Mapping of Bond platforms in Europe (ICMA study)

An interesting report from The international Capital Markets Association (ICMA ), has mapped the features and coverage of European Bond Trading Platforms.

According to the report, the European bond market trading has become increasingly electronic due to a natural evolution of trading, and more recently, as a by-product of regulation. Market participants have a regulatory obligation to evidence best execution and meet transparency obligations, but more importantly need to source and optimise liquidity.

The fixed income landscape is currently very fragmented. The reduction in balance sheet due to Basel III combined with investors’ reluctance to trade has led to a diffusion of liquidity across platforms. This is particularly the case in corporate bonds where it is often heard that liquidity is “a mile wide and an inch deep”.

Here is a chart from a previous post which shows the lack of inventory being held by dealers, making it harder for investors to find the liquidity they require.

Bond inventoryChart showing Net Bond inventory held by primary dealers (McKinsey/Greenwich)

Sourcing and aggregating liquidity is paramount for sell-side and buy-side traders. Technology is the only way to enable these participants to uncover the liquidity available. Understanding the contrasts and capabilities of new and more traditional platforms, is the first step to choosing the best execution venue or information network available in the market.

ICMA has undertaken a Continue reading

Fixing the Fix – final report from FSB

The Swiss based Financial Stability Board (FSB), has today published their final report and recommendations for Foreign Exchange Benchmarks, which follows an initial consultative report published in July.

The report sets out a number of recommendations for reform in the FX markets and in the benchmark rates that have been identified as pre-eminent by market participants – in particular, the WM/Reuters (WMR) 4pm London fix produced by the WM Company. These recommendations fall into the following broad categories:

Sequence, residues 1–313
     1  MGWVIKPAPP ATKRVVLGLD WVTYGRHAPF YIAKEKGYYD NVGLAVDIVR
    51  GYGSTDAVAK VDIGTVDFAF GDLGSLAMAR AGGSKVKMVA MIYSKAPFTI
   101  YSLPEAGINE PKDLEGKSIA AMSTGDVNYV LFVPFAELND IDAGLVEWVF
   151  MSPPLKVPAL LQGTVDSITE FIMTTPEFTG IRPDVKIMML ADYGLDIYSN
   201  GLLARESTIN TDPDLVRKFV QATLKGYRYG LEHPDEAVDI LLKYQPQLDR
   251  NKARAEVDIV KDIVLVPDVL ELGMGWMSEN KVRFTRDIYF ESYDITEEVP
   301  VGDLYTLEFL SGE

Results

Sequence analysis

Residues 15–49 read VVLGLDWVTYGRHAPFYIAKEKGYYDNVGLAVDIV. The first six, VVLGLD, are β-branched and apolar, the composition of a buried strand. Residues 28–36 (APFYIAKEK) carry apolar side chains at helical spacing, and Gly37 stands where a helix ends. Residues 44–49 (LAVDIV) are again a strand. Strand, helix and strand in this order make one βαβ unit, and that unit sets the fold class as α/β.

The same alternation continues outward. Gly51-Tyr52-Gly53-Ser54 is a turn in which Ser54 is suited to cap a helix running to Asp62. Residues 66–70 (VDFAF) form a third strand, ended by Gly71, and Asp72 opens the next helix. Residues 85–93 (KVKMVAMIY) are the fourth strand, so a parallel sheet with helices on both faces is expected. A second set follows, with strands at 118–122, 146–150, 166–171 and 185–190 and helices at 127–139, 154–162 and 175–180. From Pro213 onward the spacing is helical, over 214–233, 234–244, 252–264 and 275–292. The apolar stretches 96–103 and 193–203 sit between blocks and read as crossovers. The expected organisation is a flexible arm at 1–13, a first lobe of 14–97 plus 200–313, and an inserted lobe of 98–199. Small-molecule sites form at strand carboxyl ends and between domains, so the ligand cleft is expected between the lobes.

• the calculation methodology of the WMR benchmark rates;
  • recommendations from a review by the International Organization of Securities Commissions (IOSCO) of the WM fixes – this review is included in the report published today, and is also being published separately by IOSCO;
  • the publication of reference rates by central banks;
  • market infrastructure in relation to the execution of fix trades; and
  • the behavior of market participants around the time of the major FX benchmarks (primarily the WMR 4pm London fix).

Summary of recommendations Continue reading

Agency broking – BNP ‘Smart Dealing Service’

Interesting to see BNP launching a Broker neutral cross asset agency execution service for buyside firms.

The outsourced dealing solution is designed to meet an industry trend towards outsourcing from asset managers and owners, as they seek cost efficiencies in the face of heightened regulatory demands and increasing technology expenditure.

Carl James, managing director of BNP Paribas Dealing Services UK, says:

“The raft of regulatory requirements has, and will have a dramatic impact on markets, market infrastructure and their participants. We continue to see the search for liquidity get ever harder as markets fragment and banks withdraw further from putting balance sheets at risk.”

I am sure we will see this trend continuing.

Story here and here

US Government may sue BNY Mellon over FX trades

US federal Judge has ruled that the US Government can sue BNY Mellon over miss-pricing of FX transactions for some custody clients.

According to a Reuters report, while dismissing some of the fraud claims, U.S. District Judge Lewis Kaplan in Manhattan said..

the complaint “generally suffices” to let the government pursue its main claim, that the bank fraudulently misrepresented that it would provide “best execution” to various trading clients.

The case revolves around failure to provide ‘best execution’ , as the original transcript states:

“BNY Mellon consistently misrepresented to customers the rates it would give foreign currency transactions. Instead of providing the best interbank rates– as it promised – BNY Mellon gave the worst or nearly the worst rates of the trading day.” Full compliant transcript

We covered the original case here.

However, BNY has since done much to rectify this, by providing more transparent pricing, and introducing benchmark pricing for custody clients.